Leading Change: We Need More Transparency

When you are leading your business team through complex change, your team’s success will to a large extent depend on the level of transparency you are able to establish. The power of transparency is often underestimated. The true meaning of transparency is often misunderstood. Therefore: some experience-based thoughts about transparency, and how to stimulate it in your team.

Transparency accelerates teamwork

Why? Because it creates trust! In our current VUCA business environment this is becoming increasingly important.

The more transparent we are to ourselves and to others, the better we understand what we want to achieve as a team. Teams who experience transparency generate a stronger mutual focus, as well as a higher level of mutual trust.

Teams who experience transparency generate a stronger mutual focus, as well as a higher level of mutual trust.

Transparency starts with you

Creating an atmosphere of transparency starts with you being transparent yourself. Transparent about your intentions, about who you are, about how you work, what you value in life and believe to be important. Transparency about your habits, about your qualities, and your weak points.

Transparency has a lot to do with being open, honest, and authentic. Especially when you are working with people with different cultural backgrounds and nationalities, your transparency will help your team to develop trust despite the cultural differences.


Transparency does not mean you always have to know the answers. When you don’t know the exact end result yet, just say so, and focus your team on what needs to be done to move forward and to find the answers together.

Read more here about how to be transparent yourself.

Not being open to others because you do not have all the answers yet often has a counterproductive effect. It will undermine trust.

Listening creates transparency

No, this is not an obvious statement. Letting other people speak is not creating transparency by itself. It is the way we listen that makes the difference. Listen to learn! Listen between the lines, to what is unsaid. When people feel you are really listening and tapping into what they feel, believe, and think they will become more open and share more.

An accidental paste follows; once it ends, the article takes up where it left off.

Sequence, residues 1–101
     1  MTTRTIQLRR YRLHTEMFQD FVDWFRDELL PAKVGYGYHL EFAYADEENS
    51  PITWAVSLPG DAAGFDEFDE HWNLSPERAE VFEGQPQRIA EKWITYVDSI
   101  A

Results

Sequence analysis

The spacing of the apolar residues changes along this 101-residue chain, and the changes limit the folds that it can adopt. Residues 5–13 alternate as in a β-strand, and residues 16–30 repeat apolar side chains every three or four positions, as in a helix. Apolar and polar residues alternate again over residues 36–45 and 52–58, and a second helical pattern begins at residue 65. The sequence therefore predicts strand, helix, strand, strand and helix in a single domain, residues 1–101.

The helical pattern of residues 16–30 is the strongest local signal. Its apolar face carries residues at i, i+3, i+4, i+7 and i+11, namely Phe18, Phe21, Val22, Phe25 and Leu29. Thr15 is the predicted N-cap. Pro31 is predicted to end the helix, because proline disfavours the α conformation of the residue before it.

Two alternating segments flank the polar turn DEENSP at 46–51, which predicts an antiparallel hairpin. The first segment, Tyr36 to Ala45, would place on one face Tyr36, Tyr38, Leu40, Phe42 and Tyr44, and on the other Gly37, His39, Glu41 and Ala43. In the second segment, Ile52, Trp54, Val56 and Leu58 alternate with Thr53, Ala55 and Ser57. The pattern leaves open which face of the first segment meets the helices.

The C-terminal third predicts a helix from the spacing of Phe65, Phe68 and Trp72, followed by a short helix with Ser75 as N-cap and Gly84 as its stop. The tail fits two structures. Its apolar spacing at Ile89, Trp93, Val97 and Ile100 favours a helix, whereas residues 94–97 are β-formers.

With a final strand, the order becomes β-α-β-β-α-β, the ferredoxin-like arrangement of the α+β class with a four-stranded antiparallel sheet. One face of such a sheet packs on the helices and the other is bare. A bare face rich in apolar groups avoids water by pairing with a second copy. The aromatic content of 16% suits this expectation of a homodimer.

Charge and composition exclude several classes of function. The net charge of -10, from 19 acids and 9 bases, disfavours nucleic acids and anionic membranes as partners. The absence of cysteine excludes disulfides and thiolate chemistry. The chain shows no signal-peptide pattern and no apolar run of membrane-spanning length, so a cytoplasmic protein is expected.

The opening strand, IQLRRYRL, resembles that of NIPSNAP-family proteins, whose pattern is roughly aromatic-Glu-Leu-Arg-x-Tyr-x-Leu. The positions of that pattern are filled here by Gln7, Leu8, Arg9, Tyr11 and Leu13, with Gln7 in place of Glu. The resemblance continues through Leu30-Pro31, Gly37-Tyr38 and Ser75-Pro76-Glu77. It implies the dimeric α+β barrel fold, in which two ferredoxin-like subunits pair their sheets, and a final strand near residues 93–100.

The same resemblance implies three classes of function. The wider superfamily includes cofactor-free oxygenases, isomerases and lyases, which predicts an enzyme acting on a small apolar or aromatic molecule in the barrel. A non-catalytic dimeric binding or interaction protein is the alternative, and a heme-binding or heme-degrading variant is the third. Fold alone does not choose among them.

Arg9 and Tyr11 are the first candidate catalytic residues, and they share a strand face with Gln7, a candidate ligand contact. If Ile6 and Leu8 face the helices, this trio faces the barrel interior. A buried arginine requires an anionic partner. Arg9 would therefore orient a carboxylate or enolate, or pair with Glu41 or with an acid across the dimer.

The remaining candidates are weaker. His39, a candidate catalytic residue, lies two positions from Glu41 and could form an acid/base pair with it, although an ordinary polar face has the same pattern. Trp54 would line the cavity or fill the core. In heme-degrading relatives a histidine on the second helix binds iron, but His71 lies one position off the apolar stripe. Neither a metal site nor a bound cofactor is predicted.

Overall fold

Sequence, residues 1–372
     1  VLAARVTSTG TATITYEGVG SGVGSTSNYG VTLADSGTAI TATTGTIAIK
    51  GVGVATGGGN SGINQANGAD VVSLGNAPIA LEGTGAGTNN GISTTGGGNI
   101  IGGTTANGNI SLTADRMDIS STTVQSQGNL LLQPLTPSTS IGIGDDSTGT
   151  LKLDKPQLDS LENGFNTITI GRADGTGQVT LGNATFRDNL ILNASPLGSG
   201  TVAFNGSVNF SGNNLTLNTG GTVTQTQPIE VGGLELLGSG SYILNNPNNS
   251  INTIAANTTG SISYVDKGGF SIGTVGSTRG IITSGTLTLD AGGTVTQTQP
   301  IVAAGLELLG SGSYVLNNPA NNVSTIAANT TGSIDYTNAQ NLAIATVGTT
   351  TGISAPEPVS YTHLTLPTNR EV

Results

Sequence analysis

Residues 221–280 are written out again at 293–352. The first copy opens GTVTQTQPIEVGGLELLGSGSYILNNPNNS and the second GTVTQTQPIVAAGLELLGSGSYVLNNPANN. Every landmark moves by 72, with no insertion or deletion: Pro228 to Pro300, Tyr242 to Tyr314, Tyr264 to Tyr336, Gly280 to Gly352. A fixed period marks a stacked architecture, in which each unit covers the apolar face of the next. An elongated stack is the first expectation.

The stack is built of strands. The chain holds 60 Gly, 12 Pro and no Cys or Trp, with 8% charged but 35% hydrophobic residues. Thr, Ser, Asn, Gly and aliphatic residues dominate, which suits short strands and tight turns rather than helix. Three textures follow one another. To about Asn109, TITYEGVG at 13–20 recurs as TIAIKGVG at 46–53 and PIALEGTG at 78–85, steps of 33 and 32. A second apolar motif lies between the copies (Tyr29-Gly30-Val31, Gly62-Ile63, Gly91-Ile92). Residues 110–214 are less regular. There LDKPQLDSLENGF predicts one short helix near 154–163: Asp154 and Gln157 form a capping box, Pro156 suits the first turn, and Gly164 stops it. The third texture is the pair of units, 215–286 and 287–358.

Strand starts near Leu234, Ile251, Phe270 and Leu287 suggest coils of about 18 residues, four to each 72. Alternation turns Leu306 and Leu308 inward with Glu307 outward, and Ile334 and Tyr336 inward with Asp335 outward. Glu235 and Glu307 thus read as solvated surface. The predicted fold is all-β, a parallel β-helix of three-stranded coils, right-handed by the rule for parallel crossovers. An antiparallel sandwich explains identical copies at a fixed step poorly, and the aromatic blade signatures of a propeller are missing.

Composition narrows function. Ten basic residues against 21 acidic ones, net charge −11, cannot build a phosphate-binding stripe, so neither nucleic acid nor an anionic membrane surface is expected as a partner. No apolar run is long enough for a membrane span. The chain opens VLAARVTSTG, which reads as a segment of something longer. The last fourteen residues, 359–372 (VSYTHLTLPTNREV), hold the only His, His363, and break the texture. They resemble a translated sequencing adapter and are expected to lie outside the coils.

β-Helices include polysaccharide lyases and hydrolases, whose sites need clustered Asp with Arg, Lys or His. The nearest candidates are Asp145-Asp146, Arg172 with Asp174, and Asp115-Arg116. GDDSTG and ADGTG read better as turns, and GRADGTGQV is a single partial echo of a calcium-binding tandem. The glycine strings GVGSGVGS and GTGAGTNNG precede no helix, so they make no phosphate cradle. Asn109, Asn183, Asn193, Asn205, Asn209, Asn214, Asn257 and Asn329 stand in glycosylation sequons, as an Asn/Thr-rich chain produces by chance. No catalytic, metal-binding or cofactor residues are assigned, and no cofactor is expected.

When you are willing not only to hear them out, but also to learn from them, to change your own way of looking at things, then transparency starts to grow.

Read more here about how to stimulate transparency, especially when working with Asian team members.

Transparency is about clarity, not about micro-management

Transparency is also about being clear about what you expect from other team members. This is not the same as telling them in detail what they must do. Trying to create transparency by micro-managing people will result in a lack of motivation, in complacency, and eventually in a lack of transparency.

Instead, stimulate transparency by keeping the focus on the desired end-result. Here is a question that works well in my experience: "How do you think this can contribute to achieving our end-result?"

You stimulate transparency by making people aware of the bigger picture, and of their contributions. True teamwork originates when team members take ownership for the end-result, see beyond their own tasks, and see how their work impacts others.

Related article: How to Stimulate People to Think Impact.

What are your thoughts about transparency? I’d love to read your comments below!

Are you leading global change programs? Find more detailed tips and insights on how to create openness here:

Leading cross-cultural teams: how to create openness – part 1

Leading cross-cultural teams: how to create openness – part 2

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